Gamers have long known about hidden “Easter eggs” within their games, fun little tricks that bring up unexpected treasures. If you’re “in the know,” you press a particular combination of keys and some hidden treat reveals itself to you. Part of the fun is discovering the Easter egg, and part of it is knowing about it and feeling superior to others who are not as informed as you are.
There are websites that offer up such fantastic tidbits as well, as long as you know where to look, and what to enter that will unlock the secret. Google is famous its sense of humor and up-to-the-minute trend awareness, and over the years the company has imbedded many Easter eggs on their site.
The term “Easter egg” was coined in the 1970s, when Atari designer Warren Robinett told his co-workers that there was hidden content, and that they would have to hunt for it as if they were hunting for Easter eggs.
Microsoft was a big fan of the concept, and the Microsoft Office suite used to hold all kinds of goodies. The 1997 version had a Magic 8-Ball hidden in Access, a flight simulator in Excel, and a pinball machine in Word. Microsoft eventually banned Easter eggs in its software in 2002, due to security concerns.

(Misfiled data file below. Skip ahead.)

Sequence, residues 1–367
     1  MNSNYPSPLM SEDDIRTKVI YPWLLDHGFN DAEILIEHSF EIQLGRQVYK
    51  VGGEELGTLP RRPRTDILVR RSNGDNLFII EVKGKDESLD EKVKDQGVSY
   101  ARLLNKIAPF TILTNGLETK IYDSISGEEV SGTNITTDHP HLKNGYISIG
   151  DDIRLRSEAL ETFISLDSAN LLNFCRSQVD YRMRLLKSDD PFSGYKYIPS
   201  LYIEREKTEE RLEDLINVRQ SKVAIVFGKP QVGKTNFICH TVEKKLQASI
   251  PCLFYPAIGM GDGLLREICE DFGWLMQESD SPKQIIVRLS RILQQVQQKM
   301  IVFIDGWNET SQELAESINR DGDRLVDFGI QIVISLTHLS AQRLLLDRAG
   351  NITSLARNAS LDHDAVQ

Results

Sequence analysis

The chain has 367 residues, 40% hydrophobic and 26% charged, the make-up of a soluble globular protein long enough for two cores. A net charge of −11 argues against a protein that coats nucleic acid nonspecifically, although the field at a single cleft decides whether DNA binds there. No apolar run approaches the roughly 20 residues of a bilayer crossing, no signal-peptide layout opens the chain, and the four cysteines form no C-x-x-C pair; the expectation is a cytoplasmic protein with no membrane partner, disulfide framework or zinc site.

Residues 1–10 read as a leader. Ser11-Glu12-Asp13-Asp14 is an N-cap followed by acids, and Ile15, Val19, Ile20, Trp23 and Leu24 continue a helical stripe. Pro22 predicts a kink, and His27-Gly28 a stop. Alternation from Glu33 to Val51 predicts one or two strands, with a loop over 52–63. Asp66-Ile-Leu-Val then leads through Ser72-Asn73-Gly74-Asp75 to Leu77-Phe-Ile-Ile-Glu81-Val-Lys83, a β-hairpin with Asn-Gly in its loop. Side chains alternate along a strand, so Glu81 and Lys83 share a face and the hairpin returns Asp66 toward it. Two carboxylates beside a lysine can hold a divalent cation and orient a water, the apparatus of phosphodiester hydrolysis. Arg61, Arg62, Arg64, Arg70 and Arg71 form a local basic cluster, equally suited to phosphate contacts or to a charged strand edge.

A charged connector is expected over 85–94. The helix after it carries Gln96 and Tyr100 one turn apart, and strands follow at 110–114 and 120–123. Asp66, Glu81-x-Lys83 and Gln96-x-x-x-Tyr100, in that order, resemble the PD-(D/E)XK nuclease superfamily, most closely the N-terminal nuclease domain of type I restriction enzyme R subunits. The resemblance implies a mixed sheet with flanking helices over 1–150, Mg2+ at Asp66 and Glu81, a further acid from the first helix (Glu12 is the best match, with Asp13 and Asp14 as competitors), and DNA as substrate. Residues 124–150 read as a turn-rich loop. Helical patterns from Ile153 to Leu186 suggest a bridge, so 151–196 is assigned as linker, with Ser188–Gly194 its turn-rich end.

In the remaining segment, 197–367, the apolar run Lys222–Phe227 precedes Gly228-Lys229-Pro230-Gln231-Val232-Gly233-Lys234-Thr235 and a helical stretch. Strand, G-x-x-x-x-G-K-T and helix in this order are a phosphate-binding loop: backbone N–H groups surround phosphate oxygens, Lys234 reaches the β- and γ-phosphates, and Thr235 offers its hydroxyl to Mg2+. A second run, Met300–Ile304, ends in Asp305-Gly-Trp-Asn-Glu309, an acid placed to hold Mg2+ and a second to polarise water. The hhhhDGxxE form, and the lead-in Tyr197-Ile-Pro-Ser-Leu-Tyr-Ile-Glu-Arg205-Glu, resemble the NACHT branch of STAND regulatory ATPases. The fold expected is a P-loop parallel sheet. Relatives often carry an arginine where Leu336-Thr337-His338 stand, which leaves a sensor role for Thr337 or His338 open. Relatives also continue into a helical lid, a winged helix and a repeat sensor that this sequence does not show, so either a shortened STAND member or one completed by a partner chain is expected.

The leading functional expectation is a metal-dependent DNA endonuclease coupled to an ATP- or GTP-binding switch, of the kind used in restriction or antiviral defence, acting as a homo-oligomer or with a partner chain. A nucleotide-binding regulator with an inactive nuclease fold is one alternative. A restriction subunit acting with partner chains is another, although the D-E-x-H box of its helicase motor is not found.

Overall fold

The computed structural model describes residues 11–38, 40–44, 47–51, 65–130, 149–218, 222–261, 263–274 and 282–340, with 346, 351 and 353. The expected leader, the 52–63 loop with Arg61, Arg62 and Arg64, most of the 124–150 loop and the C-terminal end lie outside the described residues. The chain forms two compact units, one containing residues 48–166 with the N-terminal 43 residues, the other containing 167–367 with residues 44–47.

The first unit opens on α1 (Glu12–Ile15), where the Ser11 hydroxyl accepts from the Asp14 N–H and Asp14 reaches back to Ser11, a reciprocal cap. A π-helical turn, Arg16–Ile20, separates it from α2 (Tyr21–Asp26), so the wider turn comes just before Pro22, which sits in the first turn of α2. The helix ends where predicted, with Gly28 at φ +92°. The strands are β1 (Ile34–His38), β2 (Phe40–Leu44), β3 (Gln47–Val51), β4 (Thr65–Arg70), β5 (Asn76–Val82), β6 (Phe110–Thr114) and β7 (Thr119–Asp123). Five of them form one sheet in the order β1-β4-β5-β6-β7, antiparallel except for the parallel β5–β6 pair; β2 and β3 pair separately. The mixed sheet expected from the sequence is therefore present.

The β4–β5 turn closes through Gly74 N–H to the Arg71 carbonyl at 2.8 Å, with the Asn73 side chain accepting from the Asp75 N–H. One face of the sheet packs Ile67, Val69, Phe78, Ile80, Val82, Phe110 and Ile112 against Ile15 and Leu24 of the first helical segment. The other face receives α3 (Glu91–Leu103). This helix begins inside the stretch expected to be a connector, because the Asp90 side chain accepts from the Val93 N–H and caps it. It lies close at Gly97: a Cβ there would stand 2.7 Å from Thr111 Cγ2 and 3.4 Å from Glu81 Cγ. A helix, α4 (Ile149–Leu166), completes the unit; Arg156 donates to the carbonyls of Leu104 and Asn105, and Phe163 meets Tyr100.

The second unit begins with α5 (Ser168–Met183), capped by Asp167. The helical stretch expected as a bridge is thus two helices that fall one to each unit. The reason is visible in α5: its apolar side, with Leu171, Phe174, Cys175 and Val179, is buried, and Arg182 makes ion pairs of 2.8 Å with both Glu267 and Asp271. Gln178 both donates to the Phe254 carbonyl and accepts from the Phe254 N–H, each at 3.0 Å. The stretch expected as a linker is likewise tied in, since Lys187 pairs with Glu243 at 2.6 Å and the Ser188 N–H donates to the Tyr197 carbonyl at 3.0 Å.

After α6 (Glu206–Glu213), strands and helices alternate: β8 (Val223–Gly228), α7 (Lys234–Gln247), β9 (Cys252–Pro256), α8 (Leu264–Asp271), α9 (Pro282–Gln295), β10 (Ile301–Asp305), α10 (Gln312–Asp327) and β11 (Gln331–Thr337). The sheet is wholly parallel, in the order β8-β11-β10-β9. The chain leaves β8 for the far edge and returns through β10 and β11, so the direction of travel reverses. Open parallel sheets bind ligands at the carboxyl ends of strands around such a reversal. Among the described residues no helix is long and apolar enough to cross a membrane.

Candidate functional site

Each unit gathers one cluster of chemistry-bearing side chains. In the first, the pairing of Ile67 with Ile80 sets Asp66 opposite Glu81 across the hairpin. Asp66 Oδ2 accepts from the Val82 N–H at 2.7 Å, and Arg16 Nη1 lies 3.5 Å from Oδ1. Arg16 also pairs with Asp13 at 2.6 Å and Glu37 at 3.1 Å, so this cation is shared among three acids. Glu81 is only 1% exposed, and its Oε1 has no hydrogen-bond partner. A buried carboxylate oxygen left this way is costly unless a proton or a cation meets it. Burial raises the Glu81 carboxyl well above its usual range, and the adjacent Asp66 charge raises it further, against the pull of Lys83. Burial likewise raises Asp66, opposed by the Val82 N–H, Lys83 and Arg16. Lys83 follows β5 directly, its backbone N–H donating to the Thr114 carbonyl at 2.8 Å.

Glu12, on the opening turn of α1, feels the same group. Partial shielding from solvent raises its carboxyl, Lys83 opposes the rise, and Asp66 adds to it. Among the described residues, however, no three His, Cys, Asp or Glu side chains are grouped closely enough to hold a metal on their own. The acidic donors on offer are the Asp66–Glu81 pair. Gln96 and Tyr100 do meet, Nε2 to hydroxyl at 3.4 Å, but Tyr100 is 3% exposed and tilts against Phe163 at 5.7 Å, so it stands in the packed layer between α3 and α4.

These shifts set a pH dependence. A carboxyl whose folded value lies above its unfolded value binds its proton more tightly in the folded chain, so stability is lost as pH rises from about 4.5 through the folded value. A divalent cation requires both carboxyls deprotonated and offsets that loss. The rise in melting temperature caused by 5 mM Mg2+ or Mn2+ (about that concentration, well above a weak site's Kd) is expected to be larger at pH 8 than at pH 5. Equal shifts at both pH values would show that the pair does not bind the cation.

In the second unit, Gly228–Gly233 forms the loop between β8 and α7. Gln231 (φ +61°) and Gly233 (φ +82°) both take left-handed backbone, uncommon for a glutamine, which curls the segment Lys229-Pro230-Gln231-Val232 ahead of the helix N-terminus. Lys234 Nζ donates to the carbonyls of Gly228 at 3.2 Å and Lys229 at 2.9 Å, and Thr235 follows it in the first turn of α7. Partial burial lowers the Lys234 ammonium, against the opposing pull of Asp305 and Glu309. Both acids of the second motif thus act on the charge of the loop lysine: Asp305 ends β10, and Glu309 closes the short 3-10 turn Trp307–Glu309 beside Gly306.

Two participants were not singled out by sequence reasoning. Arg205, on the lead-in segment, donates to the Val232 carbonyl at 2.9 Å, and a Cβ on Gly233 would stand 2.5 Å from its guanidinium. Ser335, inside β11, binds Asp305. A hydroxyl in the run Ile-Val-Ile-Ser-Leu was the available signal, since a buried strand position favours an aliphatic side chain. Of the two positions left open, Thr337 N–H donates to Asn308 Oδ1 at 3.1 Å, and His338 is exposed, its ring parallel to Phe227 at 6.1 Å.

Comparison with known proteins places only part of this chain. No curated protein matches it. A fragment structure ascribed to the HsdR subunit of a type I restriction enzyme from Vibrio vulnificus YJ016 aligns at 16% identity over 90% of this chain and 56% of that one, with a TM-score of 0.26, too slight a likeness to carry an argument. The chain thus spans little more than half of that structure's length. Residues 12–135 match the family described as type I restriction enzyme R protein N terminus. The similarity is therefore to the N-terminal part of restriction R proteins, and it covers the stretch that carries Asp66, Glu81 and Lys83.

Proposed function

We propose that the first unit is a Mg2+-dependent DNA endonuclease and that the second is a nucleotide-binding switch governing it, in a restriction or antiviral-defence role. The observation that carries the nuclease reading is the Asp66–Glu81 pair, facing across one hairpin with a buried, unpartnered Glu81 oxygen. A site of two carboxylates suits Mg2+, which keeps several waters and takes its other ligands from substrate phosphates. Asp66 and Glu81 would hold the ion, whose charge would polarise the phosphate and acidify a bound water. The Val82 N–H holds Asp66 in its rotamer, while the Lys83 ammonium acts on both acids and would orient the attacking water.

Google has done much to make sure the public knows about Easter eggs. Their daily doodles often have fun little extras tucked inside, and they are especially famous for their April Fools Day jokes.
Try this one to change your Google RSS Reader into ninja mode — hit “up, up, down, down, left, right, left, right, b, a.” First, you get the ninja, then the screen turns blue, and then your active and unread feeds change to “30.” If you click the “like” icon, then you get some animated hearts. Click “unlike,” and you get an animated broken heart. (I actually could not get this to work, so I have no picture.)
If you search for “zerg rush”, you get a video game that you can play.
Mozilla is a robot
If you type “about:mozilla” in the URL bar of Firefox, you’ll get The Book of Mozilla,
Or robots about:robots
Amazon the joker
Amazon has also gotten into the Easter egg game. If you go to the Site Directory page and move your mouse around in the center of the page below the copyright notice, a clickable spot will appear. Click on it, and you’re taken to a page that was posted in 2002, paying tribute to David Risher, a key employee in the company’s history.
Find Chuck Norris
Type “find Chuck Norris” into the Google main page and then hit “I’m Feeling luck” to get the following message:
Google in pig latin and in pirate
Also, you can change the display language that Google uses, and get your search results in Klingon, Pig Latin, Elmer Fudd or Pirate.
There are tons of more Easter eggs hidden in Skype, Facebook, in the Android App, and even in the iPhone (Ask Siri what her favorite color is, and see what happens.)
The more you know, the more you can find.